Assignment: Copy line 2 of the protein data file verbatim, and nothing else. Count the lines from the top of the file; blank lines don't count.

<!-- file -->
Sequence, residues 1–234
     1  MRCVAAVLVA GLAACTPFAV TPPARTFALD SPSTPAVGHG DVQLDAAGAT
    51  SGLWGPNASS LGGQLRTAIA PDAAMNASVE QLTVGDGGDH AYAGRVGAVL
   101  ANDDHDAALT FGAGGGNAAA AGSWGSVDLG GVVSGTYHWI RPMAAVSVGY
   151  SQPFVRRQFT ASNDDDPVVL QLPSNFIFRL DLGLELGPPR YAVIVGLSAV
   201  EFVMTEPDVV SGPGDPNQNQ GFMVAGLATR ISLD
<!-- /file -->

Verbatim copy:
     1  MRCVAAVLVA GLAACTPFAV TPPARTFALD SPSTPAVGHG DVQLDAAGAT